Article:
Mantell said she began investigating IV hydration and vitamin therapy when she started working on a master’s degree in nutrition.
While she’ll provide the trendier treatments for jet lag and hangovers, her real focus is on getting people the nutrients they need, she said.
Ideally, everyone would eat healthy food and have a healthy gut and 100 percent of the nutrients they eat would be absorbed, according to Mantell.
However, she said, “When you look at the average American diet, we aren’t getting the kinds of nutrients we need.”
And even when people do eat right, life can take a toll. Stress, for example, can rapidly deplete certain vitamins in the body, Mantell said.
Handled with care
Certain health conditions, such as Crohn’s and celiac diseases, interfere with nutrient absorption in the body. And so do some medications, among them proton pump inhibitors that reduce acid production in the gut, “and you need acid to digest your foods,” Mantell said.
She considers it important that IV hydration therapies be administered in consultation with a doctor after a review of the patient’s medical history and testing for vitamin deficiencies.
“I’m not going to just throw IV nutrition at people,” she said.
Kittle, who was an emergency room nurse for nine years, said he thought he’d be serving mainly students at Hydrations, but most of his clients have been people who work in health care.
He does both in-home and in-clinic treatments, and recently added a treatment bus that can be taken to community events, such as marathons and big parties.
He said he uses the same sterile equipment and solutions people get in the hospital, but without such emergency room disadvantages as a long wait when the condition isn’t life-threatening and exposure to other people’s illnesses.
Like Mantell, Kittle said he takes a complete medical history from his clients. And he works under standing orders from a physician.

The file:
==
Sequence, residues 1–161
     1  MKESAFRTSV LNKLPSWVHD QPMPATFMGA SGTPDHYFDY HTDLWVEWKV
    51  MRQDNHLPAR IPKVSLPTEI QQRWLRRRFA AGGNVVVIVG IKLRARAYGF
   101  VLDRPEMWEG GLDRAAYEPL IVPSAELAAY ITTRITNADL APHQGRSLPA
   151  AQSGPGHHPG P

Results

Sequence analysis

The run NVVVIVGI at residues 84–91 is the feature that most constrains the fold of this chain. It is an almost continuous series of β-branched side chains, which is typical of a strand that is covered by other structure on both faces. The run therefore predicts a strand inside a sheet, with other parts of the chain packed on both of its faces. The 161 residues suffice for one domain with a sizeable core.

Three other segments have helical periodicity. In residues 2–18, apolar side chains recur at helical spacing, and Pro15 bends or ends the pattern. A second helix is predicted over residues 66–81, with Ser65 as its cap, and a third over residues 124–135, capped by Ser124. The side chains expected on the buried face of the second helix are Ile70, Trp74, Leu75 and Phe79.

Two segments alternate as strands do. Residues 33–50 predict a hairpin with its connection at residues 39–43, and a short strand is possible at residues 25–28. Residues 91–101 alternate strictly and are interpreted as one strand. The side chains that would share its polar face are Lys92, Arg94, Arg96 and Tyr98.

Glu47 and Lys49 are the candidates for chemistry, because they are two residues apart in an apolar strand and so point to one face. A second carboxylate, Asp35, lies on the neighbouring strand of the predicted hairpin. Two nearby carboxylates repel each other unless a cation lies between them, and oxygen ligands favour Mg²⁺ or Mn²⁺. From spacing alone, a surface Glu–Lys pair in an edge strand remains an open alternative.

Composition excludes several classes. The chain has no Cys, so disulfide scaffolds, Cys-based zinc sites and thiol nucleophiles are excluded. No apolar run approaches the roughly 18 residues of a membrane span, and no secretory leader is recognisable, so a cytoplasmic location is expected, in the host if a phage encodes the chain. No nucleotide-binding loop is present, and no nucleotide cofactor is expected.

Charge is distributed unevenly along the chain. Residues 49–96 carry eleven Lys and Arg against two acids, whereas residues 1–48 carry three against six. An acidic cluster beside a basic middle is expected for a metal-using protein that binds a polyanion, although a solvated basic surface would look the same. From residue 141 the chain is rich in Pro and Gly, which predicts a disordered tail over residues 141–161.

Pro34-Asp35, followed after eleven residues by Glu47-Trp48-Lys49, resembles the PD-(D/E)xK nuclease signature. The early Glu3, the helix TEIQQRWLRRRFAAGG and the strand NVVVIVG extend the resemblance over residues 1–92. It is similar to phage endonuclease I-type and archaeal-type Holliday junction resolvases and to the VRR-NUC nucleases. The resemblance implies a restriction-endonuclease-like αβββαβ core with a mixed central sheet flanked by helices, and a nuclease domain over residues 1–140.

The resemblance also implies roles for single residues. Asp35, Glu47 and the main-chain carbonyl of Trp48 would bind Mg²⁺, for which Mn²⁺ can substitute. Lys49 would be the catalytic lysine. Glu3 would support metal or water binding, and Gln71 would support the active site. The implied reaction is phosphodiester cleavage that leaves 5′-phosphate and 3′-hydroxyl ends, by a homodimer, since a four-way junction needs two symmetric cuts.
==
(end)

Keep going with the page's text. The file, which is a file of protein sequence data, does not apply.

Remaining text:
“I’ve done thousands of IVs, so I’m pretty good at it,” he said.
The popular Myers’ Cocktail, which is an IV treatment with vitamins and minerals, is available at Champaign IV drip bars. But claims about its benefits vary.
IVme calls it a treatment that “covers all bases” and Hydration Space says on its website that the Myers’ Cocktail helps with fatigue, seasonal allergies and fibromyalgia.
Last year, as a result of a Federal Trade Commission enforcement action, iV Bars — a clinic operator in Texas and Colorado — emailed a notice to consumers who bought the Myers’ Cocktail prior to removing FTC-challenged health claims from its advertising.
“Contrary to the company’s marketing materials, studies have not shown that the Myers’ Cocktail is an effective treatment for any disease, including nine specific diseases, ranging from cancer to multiple sclerosis and diabetes,” the company said.
Rosenbery said she’s tried the oxygen bar at IVme and felt as though her head was much clearer afterward.
“Oxygen feels clean and crisp when you breathe it in,” she said. “For me, it’s mental clarity.”
Kittle said oxygen bar treatment effects are temporary, so he views the oxygen bar at his own clinic as something people largely do for fun and relaxation.
He offers it with aromatherapy so people can breathe in 98 percent pure oxygen scented with essential oils to help with headache relief and other ailments, he said.
“It’s fun to sit there and enjoy the different scents,” he said.
Why stepping outdoors and taking in breaths of fresh air may not have the same effect is that only about one-fifth of what’s in the air is oxygen, Kittle said.
“The air we breathe is 21 percent oxygen, and we’ve gotten used to that,” he said. “We’ve learned to survive on hamburger, but when we get a filet mignon, we enjoy it.”